Tonight is a celebration of his life and a fund raiser for that statue and this gig alone works as some sort of memorial as stories are swopped like the time he play this only gig in America and turned up at customs with a suitcase with a head in it and only a passport in his pocket and no cash and the baffled customs had to ring the legendary Dennis and Lois who were his only friends in New York and the only phone number he had with him to find out who he was before they let him in.

There are bands as well – the Stags play a great, wonky set of sixties surf trash and are actually a great band. They too are quite barking mad despite the efforts of their demure front woman and are like a house band from the League Of Gentleman another great reference point to the skewered comic, weirdness of the evening- Frank could have lived in that village and the Bogshed created world that as not to dismilair of manky mill towns and strange locals years before. It has that that darkly comic strangeness and the Stage have that air about them- they are damp and strange and like a demented cabaret buy also a very tight, very tough sounding punish take on sixties and surf and are actually great.

After they exit the stage we do our judging bit with the Frank impressionists who vary from one who is so drunk he can hardly get off the stage to one who looks so like Frank (!) that it’s quite scary, to another who has a rectangular head and reads a weird poem about Kylie Minogue, it’s brilliantly unsettling, hilarious and plain weird- perfect.

The evening ends with a set from the Freshies who are made up of two of the original members and Frank’s son, Harry, taking some of the vocals. For such a disjointed line up they sound really good and should play few more shows to remind everyone of Chris’s brilliant songwriting. It’s a fitting tribute and quite touching that they end the night with the band because, despite Frank Sidebottoom’s fame and brilliance it must have been the music that was the key to Chris Seivey- the creator of one of the great Manchester punk/pop bands who fell between he cracks he rose up and laughed at everybody with his brilliant comic creation.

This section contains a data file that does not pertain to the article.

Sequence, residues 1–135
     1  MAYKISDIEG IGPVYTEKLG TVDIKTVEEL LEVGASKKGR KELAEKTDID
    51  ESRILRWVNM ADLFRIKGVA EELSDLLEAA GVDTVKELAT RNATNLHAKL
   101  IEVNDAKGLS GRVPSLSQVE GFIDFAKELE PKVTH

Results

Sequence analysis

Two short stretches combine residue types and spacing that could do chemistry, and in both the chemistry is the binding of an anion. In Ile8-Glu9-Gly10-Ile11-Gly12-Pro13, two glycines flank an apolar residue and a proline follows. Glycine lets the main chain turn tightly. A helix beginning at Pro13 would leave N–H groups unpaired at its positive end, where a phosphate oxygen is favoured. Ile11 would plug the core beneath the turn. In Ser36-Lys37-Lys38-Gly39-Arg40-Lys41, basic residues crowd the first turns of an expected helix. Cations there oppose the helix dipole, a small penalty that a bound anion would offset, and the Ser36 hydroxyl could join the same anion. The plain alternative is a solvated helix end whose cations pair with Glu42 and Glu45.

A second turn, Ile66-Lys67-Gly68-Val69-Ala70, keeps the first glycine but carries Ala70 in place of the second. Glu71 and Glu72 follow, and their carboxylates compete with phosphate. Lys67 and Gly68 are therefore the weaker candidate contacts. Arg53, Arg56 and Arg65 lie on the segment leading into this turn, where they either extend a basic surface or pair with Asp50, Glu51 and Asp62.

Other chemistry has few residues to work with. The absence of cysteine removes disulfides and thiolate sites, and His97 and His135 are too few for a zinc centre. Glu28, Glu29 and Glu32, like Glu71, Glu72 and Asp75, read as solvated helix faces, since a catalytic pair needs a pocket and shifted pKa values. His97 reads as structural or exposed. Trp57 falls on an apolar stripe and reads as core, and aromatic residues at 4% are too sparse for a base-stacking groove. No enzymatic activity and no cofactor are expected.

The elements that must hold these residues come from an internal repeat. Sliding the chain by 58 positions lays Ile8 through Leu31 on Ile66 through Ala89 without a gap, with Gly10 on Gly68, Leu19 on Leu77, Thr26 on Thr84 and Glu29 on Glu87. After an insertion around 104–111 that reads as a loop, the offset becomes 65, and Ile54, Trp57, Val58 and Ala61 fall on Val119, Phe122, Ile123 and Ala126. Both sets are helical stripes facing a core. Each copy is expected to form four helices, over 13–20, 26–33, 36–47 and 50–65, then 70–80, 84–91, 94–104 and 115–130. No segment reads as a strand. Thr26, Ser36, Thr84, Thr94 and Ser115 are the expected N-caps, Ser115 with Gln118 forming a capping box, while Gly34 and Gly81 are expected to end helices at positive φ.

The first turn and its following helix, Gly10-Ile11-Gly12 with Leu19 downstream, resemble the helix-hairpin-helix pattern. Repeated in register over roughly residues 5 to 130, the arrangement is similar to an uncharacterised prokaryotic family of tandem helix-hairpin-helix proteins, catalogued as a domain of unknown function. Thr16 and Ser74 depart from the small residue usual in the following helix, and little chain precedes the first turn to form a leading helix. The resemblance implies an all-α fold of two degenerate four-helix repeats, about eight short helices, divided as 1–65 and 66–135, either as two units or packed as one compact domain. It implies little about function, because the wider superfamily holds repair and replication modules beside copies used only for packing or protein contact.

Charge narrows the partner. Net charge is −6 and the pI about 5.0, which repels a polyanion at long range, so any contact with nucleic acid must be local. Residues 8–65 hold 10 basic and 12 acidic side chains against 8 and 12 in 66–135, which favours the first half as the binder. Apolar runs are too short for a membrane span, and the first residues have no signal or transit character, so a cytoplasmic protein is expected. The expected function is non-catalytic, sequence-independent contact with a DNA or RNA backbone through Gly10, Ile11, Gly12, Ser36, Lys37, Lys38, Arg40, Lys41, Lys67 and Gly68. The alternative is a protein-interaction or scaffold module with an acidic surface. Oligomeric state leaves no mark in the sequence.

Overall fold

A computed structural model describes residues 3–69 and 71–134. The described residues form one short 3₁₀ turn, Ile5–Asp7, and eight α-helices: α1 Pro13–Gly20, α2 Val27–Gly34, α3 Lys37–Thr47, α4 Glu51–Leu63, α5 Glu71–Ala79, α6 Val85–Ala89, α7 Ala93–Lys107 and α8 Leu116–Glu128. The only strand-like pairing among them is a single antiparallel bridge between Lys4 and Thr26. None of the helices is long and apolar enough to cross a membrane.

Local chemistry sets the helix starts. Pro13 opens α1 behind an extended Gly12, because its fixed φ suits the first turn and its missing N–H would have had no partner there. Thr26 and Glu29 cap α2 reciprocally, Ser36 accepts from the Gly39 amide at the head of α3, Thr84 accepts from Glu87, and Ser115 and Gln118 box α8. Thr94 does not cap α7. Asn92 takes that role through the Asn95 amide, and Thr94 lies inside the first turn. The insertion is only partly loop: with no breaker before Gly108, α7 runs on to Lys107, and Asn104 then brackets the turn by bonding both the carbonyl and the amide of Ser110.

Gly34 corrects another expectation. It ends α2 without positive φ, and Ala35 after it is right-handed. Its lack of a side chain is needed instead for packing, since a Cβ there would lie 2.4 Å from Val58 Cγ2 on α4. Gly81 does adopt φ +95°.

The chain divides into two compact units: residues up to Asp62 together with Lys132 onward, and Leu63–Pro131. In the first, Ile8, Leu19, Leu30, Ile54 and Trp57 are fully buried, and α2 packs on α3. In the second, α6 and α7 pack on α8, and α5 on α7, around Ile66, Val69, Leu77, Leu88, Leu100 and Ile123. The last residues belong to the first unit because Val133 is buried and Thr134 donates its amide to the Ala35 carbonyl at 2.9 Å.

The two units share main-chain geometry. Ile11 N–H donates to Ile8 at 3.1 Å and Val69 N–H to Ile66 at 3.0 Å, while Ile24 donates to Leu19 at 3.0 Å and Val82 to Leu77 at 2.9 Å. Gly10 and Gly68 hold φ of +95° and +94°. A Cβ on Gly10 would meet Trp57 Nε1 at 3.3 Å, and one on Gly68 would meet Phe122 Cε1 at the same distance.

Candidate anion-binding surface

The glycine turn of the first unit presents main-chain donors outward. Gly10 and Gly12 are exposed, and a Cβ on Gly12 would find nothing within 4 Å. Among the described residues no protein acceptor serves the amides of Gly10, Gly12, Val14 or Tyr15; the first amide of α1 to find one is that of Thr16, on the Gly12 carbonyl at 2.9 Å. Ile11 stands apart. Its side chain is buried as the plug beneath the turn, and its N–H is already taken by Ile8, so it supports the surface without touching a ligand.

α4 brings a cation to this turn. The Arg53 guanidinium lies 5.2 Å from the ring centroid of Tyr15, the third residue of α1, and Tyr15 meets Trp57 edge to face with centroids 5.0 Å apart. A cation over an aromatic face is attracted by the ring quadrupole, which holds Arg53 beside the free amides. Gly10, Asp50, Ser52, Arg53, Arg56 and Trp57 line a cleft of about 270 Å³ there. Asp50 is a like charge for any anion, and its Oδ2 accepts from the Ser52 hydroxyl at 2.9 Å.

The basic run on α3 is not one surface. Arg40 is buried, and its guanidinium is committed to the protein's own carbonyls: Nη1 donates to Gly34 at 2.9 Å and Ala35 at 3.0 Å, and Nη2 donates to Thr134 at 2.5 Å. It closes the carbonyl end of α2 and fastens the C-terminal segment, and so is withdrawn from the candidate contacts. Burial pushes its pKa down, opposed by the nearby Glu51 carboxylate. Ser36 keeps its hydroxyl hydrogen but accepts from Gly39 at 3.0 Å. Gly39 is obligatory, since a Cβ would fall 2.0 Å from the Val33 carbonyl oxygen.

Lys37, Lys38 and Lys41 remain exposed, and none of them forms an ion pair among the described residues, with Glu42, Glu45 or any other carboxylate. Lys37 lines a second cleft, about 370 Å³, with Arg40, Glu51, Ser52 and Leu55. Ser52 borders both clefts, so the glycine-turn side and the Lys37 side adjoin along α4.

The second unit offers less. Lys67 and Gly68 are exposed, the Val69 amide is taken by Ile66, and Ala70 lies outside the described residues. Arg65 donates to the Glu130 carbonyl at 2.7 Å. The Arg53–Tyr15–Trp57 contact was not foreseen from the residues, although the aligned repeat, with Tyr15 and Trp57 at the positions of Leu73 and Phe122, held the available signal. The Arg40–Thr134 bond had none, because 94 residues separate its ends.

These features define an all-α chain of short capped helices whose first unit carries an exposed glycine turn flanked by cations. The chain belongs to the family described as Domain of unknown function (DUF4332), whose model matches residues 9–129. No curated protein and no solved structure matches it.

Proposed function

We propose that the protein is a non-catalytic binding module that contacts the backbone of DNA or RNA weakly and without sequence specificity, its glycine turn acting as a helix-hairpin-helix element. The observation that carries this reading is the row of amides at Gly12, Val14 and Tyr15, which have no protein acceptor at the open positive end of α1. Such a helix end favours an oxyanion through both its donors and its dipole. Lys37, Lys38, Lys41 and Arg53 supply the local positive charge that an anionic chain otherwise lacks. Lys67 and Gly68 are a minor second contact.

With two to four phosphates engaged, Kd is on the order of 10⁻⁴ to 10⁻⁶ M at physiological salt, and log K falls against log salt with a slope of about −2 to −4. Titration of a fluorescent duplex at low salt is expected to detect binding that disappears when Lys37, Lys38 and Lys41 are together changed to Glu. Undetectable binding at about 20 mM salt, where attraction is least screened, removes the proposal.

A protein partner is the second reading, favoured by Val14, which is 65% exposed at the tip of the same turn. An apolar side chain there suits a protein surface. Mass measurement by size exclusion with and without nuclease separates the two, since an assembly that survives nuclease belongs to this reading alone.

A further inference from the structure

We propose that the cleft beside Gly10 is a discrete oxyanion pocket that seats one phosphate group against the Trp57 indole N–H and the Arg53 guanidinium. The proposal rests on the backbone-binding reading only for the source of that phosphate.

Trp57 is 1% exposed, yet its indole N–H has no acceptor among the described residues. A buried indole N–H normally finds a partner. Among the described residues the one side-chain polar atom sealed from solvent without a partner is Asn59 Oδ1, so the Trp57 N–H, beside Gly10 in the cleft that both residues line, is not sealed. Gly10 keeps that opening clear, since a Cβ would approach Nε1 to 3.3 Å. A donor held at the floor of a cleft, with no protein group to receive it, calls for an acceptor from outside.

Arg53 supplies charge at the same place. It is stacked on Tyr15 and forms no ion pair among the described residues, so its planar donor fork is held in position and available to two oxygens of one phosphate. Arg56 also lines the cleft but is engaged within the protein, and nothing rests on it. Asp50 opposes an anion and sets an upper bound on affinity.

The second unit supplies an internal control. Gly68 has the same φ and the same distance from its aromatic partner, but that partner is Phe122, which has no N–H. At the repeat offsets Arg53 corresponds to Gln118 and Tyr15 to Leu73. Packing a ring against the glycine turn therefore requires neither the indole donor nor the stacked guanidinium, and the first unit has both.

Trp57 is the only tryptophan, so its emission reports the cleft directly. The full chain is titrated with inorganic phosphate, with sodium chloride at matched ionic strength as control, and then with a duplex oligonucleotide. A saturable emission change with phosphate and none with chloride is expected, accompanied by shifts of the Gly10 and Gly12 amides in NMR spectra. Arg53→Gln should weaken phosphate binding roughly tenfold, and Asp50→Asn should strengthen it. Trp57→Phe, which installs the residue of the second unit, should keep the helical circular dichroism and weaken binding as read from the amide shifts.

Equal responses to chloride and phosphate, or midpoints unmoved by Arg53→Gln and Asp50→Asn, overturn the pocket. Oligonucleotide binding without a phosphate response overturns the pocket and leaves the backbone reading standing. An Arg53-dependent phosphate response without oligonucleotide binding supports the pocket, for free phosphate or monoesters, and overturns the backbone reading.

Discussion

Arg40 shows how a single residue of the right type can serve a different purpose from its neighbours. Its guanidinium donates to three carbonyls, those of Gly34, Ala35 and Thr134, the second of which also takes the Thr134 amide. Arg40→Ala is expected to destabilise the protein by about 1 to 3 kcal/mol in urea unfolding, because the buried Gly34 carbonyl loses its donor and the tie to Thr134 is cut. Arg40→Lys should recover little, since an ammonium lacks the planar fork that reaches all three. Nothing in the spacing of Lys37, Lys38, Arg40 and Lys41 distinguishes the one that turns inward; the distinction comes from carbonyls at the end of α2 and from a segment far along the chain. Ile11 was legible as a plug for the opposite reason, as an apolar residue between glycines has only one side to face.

As the evening ends with discarded little Frank’s and bulbous heads on the floor and no mention of microbe Frank you are left to wonder just what the statue will actually look like.

I hope they get their statue- it would look totally bizarre in the middle of Timperley- just the way it should.

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Award winning journalist and boss of Louder Than War. In a 30 year music writing career, John was the first to write about bands such as Stone Roses and Nirvana and has several best selling music books to his name. He constantly tours the world with Goldblade and the Membranes playing gigs or doing spoken word and speaking at music conferences.


  1. I came all the way from London especially to play & lend my support to this evening & cause, Hope you enjoyed my dj-ing x

  2. Nice one John!, a fitting tribute and a great review of the evening – I uploaded a few of the better videos I got of the night on Youtube ;)